Profile picture of Jane Pellicciotto

With subtle surface textures, contrasting forms and lines, alternative materials and mark making, my jewelry is inspired mostly by the often banal forms found in everyday life that I enjoy scaling down and giving new life to. This creates potential to stir a memory, create a connection or incite dialog. A doorway in some ancient ruins, a tide pool, a pile of cardboard boxes or the worn strips of a crosswalk. Everything is potential. Natural forms, the built environment, Japanese design and innumerable fine artists inspire me. Through the simultaneously stubborn and yielding medium of metal, I coax miniature sculptures that are exceedingly wearable but definitely not ordinary.

I’m intrigued by natural processes that obscure and age surfaces, and by imperfect and unpredictable forms because they reflect our own flaws that are often hard for us to accept. I'm not interested in creating perfection, but instead, celebrating those very flaws where true beauty lies. Though I sketch and make paper models, my process is more intuitive, resulting is a rustic elegance that betrays the process, inviting discovery and interpretation.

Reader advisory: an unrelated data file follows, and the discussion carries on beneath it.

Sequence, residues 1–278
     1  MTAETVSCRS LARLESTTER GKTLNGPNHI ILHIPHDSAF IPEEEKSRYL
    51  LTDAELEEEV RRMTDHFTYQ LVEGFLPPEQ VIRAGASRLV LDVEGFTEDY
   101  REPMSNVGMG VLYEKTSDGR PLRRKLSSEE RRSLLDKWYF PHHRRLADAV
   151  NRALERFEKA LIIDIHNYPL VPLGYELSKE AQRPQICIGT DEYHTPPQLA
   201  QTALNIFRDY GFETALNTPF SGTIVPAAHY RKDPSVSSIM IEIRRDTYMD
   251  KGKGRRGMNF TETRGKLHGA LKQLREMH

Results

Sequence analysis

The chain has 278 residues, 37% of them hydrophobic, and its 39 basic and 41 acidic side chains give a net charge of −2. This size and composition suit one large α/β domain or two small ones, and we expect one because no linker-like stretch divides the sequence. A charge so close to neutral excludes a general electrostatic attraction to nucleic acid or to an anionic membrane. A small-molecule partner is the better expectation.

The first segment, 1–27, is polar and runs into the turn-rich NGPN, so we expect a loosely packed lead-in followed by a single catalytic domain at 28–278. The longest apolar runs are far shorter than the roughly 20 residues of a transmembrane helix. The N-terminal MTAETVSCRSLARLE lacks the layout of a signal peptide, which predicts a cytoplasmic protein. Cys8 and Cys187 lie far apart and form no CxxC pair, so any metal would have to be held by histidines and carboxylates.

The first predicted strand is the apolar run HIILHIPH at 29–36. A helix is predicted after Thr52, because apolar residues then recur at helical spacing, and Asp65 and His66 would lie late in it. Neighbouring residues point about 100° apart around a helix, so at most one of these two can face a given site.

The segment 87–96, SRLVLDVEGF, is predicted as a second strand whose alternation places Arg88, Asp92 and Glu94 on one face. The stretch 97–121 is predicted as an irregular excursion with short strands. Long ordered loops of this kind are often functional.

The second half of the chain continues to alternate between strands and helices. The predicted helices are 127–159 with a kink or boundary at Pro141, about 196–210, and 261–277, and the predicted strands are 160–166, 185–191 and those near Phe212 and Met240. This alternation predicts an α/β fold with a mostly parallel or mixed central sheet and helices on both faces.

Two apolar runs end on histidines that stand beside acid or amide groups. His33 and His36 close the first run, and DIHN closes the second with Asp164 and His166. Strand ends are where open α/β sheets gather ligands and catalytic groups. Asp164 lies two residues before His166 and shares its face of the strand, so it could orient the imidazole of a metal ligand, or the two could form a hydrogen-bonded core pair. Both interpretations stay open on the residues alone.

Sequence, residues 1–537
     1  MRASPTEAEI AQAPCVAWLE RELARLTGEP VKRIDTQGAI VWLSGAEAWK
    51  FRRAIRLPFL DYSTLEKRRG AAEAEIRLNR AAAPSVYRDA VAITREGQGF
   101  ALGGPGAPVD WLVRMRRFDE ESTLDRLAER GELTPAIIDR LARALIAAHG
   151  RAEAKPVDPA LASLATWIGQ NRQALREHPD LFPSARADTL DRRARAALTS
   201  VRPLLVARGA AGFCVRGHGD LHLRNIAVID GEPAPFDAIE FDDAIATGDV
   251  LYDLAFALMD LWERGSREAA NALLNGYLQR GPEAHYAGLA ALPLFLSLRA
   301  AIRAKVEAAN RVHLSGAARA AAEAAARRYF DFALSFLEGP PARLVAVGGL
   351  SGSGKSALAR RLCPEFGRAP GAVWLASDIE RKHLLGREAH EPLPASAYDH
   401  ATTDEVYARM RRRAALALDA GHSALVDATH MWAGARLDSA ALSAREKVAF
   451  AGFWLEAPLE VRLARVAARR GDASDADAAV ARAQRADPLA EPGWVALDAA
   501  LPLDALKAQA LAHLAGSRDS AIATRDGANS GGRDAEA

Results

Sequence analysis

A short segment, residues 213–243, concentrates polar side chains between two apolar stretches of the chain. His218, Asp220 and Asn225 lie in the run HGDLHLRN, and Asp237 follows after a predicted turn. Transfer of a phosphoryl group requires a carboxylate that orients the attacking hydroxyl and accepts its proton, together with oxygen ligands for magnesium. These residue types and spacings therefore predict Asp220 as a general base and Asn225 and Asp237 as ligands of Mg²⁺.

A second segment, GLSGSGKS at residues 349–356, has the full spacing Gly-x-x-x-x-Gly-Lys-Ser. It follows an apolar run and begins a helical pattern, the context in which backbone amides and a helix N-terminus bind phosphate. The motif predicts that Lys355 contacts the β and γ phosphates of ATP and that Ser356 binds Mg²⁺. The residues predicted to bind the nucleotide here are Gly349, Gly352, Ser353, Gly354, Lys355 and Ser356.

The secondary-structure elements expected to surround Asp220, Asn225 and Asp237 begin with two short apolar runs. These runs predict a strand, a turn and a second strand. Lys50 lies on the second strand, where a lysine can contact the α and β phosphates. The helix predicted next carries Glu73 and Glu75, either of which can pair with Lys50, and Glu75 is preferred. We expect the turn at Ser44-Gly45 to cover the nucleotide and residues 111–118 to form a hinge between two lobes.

A career graphic designer, I took up metalsmithing in 2015, a midlife pull to create a body of work that manifests the motifs, imagery and forms I’ve always been drawn to. As a lifelong crafter, I lean towards creative endeavors that have a practical function, which is where jewelry comes in. But I also maintain a painting and collage practice, and have transformed abandoned pieces of art into wearable forms.

For me, the process of creating is as important, and sometimes more so, than the actual output. I'm endlessly curious about the struggle of the artist, what holds us back and moves us forward. It requires as much conscious action as it does letting go, so much that I relish the happy accidents that come from mistakes. But this took a long time. One benefit of reinvention is that you get to bring to the table all the wisdom you've acquired and leave the rest at the door.

Where to Buy

Work is not available for sale through the SNAG website. Please contact the artist directly to inquire about making a purchase.